Bloomberg has begun offering consultations to client firms, to review their data usage and identify ways to reduce overall spend by eliminating duplicative products and under-utilized licenses for real-time data, industry sources say.
The account review process currently offered by the vendor comprises a free analysis of real-time exchange licenses accessed via clients' Bloomberg Professional terminals, and a series of interviews with market data managers and end-users to identify products from other vendors that may contain overlapping real-time data and functions.
"In the case of exchange feeds, we have the ability to show clients across their user bases unused subscriptions to real-time feeds," a Bloomberg official says, adding that the vendor always maintains "a balance between protecting our clients' privacy and providing them with useful information that can help them to manage their data costs."
According to a market data manager at a global bank, Bloomberg delivered a detailed report suggesting which of its real-time exchange accesses his firm could cut back on to reduce costs. Armed with that information, the executive was able to contact users to determine whether they were willing to cut back some items.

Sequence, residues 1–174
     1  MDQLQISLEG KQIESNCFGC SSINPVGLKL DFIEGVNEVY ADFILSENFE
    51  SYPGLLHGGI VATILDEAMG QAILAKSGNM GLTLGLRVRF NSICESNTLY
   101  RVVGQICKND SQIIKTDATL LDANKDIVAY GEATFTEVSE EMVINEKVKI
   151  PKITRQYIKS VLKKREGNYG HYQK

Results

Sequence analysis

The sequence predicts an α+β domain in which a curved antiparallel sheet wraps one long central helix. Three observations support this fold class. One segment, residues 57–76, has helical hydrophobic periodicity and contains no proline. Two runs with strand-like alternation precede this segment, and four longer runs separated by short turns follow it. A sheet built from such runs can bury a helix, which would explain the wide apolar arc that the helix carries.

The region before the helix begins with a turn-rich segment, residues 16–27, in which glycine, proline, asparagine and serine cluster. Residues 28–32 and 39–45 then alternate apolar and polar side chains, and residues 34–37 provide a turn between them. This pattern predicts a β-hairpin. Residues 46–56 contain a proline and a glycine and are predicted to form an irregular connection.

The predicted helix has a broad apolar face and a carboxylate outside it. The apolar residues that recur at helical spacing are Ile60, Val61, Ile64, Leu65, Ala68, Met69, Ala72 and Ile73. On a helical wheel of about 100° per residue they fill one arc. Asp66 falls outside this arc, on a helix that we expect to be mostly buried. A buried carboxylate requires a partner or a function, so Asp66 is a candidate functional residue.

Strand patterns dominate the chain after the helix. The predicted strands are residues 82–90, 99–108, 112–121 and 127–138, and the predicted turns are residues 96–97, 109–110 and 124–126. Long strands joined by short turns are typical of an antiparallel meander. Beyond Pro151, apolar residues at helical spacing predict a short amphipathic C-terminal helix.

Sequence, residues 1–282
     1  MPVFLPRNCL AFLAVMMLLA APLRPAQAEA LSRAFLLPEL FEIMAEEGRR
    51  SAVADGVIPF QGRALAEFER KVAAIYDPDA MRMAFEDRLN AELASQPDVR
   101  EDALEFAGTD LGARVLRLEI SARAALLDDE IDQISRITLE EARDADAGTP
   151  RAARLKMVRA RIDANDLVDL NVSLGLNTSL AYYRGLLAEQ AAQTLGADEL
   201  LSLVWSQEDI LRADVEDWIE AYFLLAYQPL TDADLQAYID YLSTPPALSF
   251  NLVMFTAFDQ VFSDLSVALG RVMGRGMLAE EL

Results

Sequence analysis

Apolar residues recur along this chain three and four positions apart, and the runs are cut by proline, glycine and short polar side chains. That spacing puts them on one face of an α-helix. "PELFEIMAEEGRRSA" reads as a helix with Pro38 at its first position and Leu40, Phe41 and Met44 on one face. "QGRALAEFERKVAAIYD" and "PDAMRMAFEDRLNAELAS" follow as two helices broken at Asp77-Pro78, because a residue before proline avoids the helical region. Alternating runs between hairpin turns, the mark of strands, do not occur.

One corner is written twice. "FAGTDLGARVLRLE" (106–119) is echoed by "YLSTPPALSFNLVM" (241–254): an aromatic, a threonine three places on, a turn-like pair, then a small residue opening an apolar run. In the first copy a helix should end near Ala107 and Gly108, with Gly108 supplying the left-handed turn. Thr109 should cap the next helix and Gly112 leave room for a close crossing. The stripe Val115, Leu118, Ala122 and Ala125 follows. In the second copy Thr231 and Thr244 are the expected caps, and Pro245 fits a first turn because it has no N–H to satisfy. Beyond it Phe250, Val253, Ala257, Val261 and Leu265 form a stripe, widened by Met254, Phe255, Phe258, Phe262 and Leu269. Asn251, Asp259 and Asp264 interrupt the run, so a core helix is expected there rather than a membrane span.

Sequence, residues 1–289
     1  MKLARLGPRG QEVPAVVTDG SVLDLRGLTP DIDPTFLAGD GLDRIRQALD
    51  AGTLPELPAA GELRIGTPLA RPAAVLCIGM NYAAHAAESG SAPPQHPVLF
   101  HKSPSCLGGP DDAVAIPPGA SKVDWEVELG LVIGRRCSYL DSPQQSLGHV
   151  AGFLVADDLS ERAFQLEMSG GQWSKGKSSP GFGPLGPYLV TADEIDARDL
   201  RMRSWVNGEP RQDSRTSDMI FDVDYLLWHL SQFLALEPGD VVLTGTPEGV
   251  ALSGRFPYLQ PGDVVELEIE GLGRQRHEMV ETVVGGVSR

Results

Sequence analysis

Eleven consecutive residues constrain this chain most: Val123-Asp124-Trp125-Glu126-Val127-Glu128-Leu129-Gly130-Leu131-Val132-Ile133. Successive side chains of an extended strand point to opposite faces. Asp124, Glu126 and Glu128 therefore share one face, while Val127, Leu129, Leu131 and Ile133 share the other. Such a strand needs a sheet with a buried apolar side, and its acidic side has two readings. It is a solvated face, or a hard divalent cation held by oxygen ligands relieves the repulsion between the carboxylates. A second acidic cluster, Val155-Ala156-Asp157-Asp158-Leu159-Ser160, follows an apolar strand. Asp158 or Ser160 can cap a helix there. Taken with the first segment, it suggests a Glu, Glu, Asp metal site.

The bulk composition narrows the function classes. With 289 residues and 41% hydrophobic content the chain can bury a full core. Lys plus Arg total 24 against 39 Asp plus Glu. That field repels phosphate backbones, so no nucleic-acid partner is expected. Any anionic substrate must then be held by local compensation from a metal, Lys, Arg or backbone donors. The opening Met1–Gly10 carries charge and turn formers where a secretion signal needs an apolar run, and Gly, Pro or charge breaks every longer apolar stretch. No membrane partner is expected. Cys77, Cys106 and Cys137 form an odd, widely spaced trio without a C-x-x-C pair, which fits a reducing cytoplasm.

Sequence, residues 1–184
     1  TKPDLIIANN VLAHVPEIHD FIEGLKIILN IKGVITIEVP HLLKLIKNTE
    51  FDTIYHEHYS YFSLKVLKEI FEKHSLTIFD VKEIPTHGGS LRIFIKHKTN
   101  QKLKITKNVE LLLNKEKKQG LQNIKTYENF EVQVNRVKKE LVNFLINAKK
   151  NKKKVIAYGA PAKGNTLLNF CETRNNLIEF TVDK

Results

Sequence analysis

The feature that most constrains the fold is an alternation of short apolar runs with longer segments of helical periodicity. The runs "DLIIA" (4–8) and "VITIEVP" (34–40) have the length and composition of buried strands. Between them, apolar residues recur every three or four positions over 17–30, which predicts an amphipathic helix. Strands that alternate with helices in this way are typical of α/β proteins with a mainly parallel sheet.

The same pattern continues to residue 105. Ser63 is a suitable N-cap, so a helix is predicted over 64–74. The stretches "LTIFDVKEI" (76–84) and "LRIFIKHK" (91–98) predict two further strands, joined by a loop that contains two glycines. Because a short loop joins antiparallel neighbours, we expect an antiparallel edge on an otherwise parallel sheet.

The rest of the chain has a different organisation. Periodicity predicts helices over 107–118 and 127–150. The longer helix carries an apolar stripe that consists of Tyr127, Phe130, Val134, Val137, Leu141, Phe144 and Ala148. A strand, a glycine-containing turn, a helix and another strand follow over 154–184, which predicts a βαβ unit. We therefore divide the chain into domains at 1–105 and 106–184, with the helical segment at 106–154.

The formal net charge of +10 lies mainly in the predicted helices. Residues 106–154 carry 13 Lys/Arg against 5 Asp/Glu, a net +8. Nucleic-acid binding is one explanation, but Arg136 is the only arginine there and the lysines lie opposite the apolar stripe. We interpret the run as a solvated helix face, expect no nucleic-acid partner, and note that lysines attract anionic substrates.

"We targeted each user with an email saying that we would remove real-time licenses that they were not using, unless they clicked on a button. Then we just collected the exceptions and followed up with a phone call," the source says.
In total, the bank managed to cut back on hundreds of exchange licenses, and needed to reinstate less than 10 percent of those following complaints from users. "With Bloomberg, when users wanted that real-time data reinstated, we could turn them back on within 10 minutes," the source adds.
Another data executive at a European asset management firm says that Bloomberg offered to perform a review of its market data usage once the vendor discovered that the firm was looking to cut its overall data budget. Bloomberg then engaged the asset manager to help identify under-utilized real-time exchange data licenses and to determine whether any other products could be cut that provide similar functions to those delivered via Bloomberg terminals.